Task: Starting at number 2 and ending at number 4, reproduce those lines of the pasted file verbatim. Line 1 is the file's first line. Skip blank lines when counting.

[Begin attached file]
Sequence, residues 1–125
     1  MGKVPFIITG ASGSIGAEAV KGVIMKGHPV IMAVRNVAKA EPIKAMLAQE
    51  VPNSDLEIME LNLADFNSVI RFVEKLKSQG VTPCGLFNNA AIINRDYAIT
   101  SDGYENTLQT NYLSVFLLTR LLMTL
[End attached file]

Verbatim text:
     1  MGKVPFIITG ASGSIGAEAV KGVIMKGHPV IMAVRNVAKA EPIKAMLAQE
    51  VPNSDLEIME LNLADFNSVI RFVEKLKSQG VTPCGLFNNA AIINRDYAIT
   101  SDGYENTLQT NYLSVFLLTR LLMTL